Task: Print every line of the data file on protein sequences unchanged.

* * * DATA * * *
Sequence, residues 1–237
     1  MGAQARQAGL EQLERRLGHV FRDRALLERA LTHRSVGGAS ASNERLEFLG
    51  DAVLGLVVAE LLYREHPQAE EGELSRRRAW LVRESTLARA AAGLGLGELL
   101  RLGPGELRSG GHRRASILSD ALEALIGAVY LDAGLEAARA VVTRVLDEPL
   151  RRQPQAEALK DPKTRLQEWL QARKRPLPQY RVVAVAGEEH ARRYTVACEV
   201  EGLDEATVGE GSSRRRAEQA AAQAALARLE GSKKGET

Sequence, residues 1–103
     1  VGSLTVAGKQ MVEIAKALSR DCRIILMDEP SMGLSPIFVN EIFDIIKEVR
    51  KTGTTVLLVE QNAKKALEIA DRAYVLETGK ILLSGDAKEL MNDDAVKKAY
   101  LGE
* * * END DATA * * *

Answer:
Sequence, residues 1–237
     1  MGAQARQAGL EQLERRLGHV FRDRALLERA LTHRSVGGAS ASNERLEFLG
    51  DAVLGLVVAE LLYREHPQAE EGELSRRRAW LVRESTLARA AAGLGLGELL
   101  RLGPGELRSG GHRRASILSD ALEALIGAVY LDAGLEAARA VVTRVLDEPL
   151  RRQPQAEALK DPKTRLQEWL QARKRPLPQY RVVAVAGEEH ARRYTVACEV
   201  EGLDEATVGE GSSRRRAEQA AAQAALARLE GSKKGET

Sequence, residues 1–103
     1  VGSLTVAGKQ MVEIAKALSR DCRIILMDEP SMGLSPIFVN EIFDIIKEVR
    51  KTGTTVLLVE QNAKKALEIA DRAYVLETGK ILLSGDAKEL MNDDAVKKAY
   101  LGE